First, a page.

Interview: Flint boxer Andre Dirrell breaks silence about future boxing plans in part one of a two-part series

February 11, 2011

By Eric Woodyard | The Flint Journal

FLINT, Michigan — In March, it will be a full year since top-ranked super middleweight contender, Andre Dirrell has entered the boxing ring.

In his last bout he was nailed with a cheap shot by Arthur Abraham after he slipped in a corner and rested on one leg. The punch knocked Dirrell completely out but he still went on to win the fight by disqualification.

After that contest, Dirrell was scheduled to face his close friend and fellow 2004 U.S. Olympic teammate, Andre Ward. That fight would never happen as Dirrell was diagnosed with neurological problems following the effects of Abraham’s devastating blow. The doctors advised Dirrell to remain absent from the sport for three months until he was symptom free.

Guess what? It’s been three months and Dirrell was cleared to return back into boxing on Tuesday, Feb. 1.

Last week, Dirrell invited the Flint Journal out to his plush home in Fenton to give fans an insight on his boxing plans, address the “haters,” and to set the record straight about his injury in part one of the two-part interview.

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Eric Woodyard: Can you explain the neurological problems that you were dealing with for those that may not understand?

Andre Dirrell: I lose around 15 or 16 pounds for every training camp so it’s natural for me to feel dizzy after a fight and to feel light-headed when I start turning back into my old self after I leave camp. But after the fight, after I saw the doctors, they told me I had a slight concussion, and I came home not thinking of it, just working out and I started getting light-headed, I started getting dizzy. There were times I couldn’t sleep, I would be in the gym working out and my grandfather would see a difference just from my training alone.

So when he told me to go visit the neurologist that scared me because my grandfather doesn’t care if you’re sick, hopping on one foot all that stuff during training should be gone. So, I went to the Neurologist and told him I had dizzines that wouldn’t go away, I couldn’t sleep. I told him pretty much the same thing and they put me off for three months. They put me off until I was three months symptom-free, but I feel pretty good now.

As far as other boxers having it I know (others) have slight concussions and after fights like this from being knocked out (and)  it’s unchangeable for them. They get back in the ring and they can make nothing of it, they’re whole game is changed and it affects not only their career but their lives, so me taking this time off is pretty smart for me and I’m just hoping for the best when I get back in that ring.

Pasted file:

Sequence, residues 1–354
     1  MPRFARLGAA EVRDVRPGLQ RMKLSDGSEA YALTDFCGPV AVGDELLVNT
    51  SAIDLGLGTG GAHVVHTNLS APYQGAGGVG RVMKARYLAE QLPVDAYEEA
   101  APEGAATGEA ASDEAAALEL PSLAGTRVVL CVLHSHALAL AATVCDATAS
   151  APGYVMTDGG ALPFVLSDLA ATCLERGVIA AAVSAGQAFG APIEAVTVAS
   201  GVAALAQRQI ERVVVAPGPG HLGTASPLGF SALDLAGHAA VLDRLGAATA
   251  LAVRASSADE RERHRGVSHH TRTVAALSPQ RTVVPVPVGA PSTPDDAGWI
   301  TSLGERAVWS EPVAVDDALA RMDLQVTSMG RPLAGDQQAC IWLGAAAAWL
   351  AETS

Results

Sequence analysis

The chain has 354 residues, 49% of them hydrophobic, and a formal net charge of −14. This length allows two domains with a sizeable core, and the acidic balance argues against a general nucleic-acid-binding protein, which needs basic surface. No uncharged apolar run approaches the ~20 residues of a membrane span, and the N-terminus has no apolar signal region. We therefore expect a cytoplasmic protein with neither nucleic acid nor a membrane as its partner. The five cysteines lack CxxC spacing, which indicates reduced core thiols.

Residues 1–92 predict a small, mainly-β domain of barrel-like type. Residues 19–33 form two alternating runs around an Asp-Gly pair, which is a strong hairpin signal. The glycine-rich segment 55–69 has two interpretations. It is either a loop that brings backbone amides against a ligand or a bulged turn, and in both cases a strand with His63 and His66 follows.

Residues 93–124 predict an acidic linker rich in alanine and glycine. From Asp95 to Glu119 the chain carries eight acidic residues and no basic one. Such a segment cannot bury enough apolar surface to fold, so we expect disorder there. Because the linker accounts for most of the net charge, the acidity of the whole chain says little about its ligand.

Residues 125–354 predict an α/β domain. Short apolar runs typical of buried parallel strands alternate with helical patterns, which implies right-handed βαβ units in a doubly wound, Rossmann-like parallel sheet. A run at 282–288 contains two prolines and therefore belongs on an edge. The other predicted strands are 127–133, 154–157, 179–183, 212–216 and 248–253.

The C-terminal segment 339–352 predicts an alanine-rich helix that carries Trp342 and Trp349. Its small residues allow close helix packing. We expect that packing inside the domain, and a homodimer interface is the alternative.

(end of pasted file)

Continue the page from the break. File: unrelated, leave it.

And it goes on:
EW: I know it had to be a setback for you being right on the brink of fighting Andre Ward in the middle of training. Just how much of a setback was this injury for you?

AD: It was quite of a setback — it just wasn’t a big setback because again I’m just looking out for my career. That’s pretty much the only setback. When I fought Carl Froch everybody thought I won the fight. The world saw that. The world knows that I won the fight and it was a good fight for me. Moving on to Arthur Abraham I totally dominated him. It was a picture perfect perfomance until the late hit. Like one reporter said, ‘he tarnished a Picasso.’

I am on the brink of exploding. I’m right there on the verge of becoming a big-time fighter and for this to happen it is quite of a setback. It can do something to you mentally. It bothers me a little bit, but I know once I get back in that ring I’m gonna be my old self again. In March it will be a year and I’m looking forward to fighting Andre Ward sometime in the near future. So when that comes about I will be willing and ready, so it’s part of a setback because I want to be fighting. I’m a boxer that’s what I do. I really can’t wait to get back in there.

EW: We have to address the people all over the internet who think you’re dodging Andre Ward. What do you have to say to those people?

AD: I just heard it again today. Last night I saw a video on there that was quite funny and I commented back to him on Twitter like ‘that was a good one.’ People crack jokes about it, people say that ‘I’m faking.’ Haters gonna be haters but I’m loving it because. honestly, I have three to four to five times as many fans as I do haters and you got to take the good with the bad … but it just really motivates me so when I hear it, it doesn’t bother me.